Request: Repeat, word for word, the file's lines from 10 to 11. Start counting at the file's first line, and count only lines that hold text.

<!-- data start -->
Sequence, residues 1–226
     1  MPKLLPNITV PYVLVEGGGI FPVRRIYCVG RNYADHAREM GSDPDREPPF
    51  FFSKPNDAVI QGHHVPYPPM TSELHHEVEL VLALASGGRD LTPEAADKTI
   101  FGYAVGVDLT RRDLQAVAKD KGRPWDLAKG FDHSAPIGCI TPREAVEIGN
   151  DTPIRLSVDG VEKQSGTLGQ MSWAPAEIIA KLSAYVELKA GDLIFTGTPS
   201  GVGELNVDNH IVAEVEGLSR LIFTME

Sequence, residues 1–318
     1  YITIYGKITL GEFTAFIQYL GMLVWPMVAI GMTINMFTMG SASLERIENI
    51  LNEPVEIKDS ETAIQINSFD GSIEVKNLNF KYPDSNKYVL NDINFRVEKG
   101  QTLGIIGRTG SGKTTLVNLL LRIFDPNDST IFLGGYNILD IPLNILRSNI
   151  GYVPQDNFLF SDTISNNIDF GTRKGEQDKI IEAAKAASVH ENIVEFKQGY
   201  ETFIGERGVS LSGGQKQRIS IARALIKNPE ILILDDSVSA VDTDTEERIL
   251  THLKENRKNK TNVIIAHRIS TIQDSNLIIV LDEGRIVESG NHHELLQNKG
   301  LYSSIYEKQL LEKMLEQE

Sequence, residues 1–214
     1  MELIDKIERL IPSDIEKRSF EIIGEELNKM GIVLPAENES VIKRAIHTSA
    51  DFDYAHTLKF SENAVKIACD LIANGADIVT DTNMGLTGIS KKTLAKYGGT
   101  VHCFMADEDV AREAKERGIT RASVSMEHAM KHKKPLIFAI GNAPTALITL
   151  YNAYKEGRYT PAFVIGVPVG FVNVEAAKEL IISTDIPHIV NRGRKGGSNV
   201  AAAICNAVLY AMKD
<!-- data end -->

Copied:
   101  QTLGIIGRTG SGKTTLVNLL LRIFDPNDST IFLGGYNILD IPLNILRSNI
   151  GYVPQDNFLF SDTISNNIDF GTRKGEQDKI IEAAKAASVH ENIVEFKQGY